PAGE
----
After reading this post from Dan Hounshell (via Rob Howard's post), I'm drawn to more questions about "what's wrong with the ASP.NET community," and I'm still convinced that people are asking the wrong questions.
To really understand where we are, I think we need to look at where we've been. There's a history when it comes to this platform, and I don't think you can really get to the meat of the platform's development and community without having that context.
In 2001 and 2002, I was yet another person beginning the transition out of the horrible ASP 3.0 world to ASP.NET. I was immediately active on GotDotNet, and then the asp.net forums. I posted a ton in CrystalTech's user forum, and was designated .NET guy of the year or something on SitePoint's forum. I was all about trying to help people out because, by extension, it strengthened my own experience.
Let met get back to that in a moment though. In the pre-ASP.NET world, as I mentioned, we were in ASP. Visual Basic 6 and other previous versions were about as common as Windows itself in little shops in every IT department. That Visual Basic world was powerful because you didn't have to be a programming genius to make stuff work. And in the world of drag-and-drop, you didn't even need to be all that handy with code.
ASP really required us to know how to write script, but by the very nature of script, we were focused on simply getting things done in the fastest and easiest way possible. These were very task-driven days. Thinking of a Web site as an application was more or less unheard of.
It isn't surprising that a great many people, I'm even willing to bet a majority, came to ASP.NET from one of those two worlds. That's a very different world from those who had experience with C++ or Java. It's something that was apparent in my experience with the various communities I frequently visited. I might have been an early adopter and forced myself to better understand the OOP world, but maybe that's because I was in an unemployment phase and had time to learn. To this day, a lot of questions in these communities are along the lines of, "How do I do this in ASP.NET" or "What's the command that does this." These are the wrong questions. A lot of people, in an effort to make something work, are looking for classes as if they were keywords in the language they're using.
In my book, I say in the first chapter, "The classes you write are not any different from those written by Microsoft in the .NET Framework." I'm surprised when I run into people with questions that they don't really understand this. It's the first problem with .NET education, that people aren't learning what objects are, or instances, or how a class is different from an instance. Most people fast forward to, "How do I save a cookie," without the slightest understanding or care about the moving parts like HttpCookie or the request/response lifecycle of ASP.NET. That's a problem.
I've felt that the lack of instruction involving object-oriented programming and how ASP.NET itself works is a huge problem. It's a problem that I wanted to further write about in my book, but was bullied into the chapter list I ended up with. Honestly, how to do "Hello World" with a Label control is like chapter 10 in my mind, but that's not how it is approached by anyone.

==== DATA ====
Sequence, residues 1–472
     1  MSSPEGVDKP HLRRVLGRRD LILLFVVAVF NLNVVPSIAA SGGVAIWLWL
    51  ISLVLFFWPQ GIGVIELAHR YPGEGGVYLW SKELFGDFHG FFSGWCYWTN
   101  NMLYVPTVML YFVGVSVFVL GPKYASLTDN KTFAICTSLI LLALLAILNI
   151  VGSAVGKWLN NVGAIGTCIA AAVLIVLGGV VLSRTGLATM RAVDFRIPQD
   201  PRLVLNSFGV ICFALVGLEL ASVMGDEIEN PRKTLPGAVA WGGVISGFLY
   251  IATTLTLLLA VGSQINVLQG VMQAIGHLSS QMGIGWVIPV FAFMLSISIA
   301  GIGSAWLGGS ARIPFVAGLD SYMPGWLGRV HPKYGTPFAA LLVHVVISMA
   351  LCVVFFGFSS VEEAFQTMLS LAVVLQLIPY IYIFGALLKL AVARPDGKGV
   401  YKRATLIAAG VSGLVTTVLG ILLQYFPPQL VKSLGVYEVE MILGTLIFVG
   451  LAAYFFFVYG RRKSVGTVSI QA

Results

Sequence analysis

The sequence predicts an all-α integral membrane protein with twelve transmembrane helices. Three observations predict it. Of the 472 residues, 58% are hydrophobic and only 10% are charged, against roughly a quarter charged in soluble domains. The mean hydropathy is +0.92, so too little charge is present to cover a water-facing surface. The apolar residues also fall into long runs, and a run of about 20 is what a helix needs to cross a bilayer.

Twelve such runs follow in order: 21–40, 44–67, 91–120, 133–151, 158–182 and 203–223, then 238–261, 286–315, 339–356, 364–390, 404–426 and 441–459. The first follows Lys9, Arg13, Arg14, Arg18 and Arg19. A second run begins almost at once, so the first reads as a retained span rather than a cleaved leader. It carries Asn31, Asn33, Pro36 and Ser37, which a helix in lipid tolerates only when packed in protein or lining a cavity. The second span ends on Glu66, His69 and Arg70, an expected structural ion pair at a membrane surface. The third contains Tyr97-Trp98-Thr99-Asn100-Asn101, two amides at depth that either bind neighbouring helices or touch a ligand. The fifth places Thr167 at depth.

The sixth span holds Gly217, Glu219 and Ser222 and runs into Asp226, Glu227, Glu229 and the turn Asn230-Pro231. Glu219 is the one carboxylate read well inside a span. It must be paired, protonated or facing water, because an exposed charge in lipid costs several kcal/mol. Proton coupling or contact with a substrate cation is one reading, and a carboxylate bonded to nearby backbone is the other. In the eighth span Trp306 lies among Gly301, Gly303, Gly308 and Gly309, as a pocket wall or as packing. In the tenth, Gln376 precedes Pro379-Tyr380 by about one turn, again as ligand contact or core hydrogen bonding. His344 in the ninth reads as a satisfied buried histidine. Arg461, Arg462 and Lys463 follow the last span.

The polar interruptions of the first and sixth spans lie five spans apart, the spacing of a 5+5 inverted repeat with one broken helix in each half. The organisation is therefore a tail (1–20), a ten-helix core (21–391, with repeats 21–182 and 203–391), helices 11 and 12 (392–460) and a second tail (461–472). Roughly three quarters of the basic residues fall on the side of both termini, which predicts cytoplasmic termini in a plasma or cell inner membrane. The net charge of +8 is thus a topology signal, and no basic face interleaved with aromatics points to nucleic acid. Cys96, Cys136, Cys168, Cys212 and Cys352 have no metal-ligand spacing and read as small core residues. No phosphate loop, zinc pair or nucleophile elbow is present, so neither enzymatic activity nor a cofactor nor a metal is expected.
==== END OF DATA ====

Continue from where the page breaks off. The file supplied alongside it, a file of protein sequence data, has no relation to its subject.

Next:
There is a lot of failure to throw around in that arena, none of which is attributed to any specific individuals or organizations. Books are written assuming OOP understanding or to learn whatever in seven days. Web articles, blogs and forums have zero cohesive vision, and it's a Google-and-go world. The only way I can think of to overcome this is the desire on the part of the individual to dig deeper, and you can't force that.
So by now you're thinking, "Dude, this isn't what community leaders and bloggers are even talking about." Yeah, no kidding, that's my point. That pyramid on Dan's blog post, you see that enormous part at the bottom? That's who we're talking about. The conversation, however, gets into whether or not you should use NUnit or the VS testing framework, or whether or not some new framework is open source or community developed or Microsoft developed or whatever. It's like this horrible "inside baseball" conversation that is totally irrelevant for the bulk of the community that the self-appointed thought leaders are talking about.
Before you get all up in my grill, I'm not suggesting that these aren't some important things to discuss. I'm just suggesting that these subjects are self-serving for a very small constituency of the community. To the cookie guy, this is like string theory, and there are a lot of cookie guys out there.
Since we're talking about it, I'm extremely happy with the direction that the platform has gone the last two years or so. Guthrie's various teams are kicking ass and adding value to their products in a way that makes my life easier. Ultimately, that's what I want from a company when I'm buying their products. C#3 and VS2008 were like the ultimate Christmas, and their ongoing open efforts, delivering something early and often (MVC comes to mind) is awesome.
In any case, I think the thought leadership needs to step away from the computer science and development methodology religion and think a little more about how we get those developers up to where we'd like them to be. God knows we'd like to hire more people like that.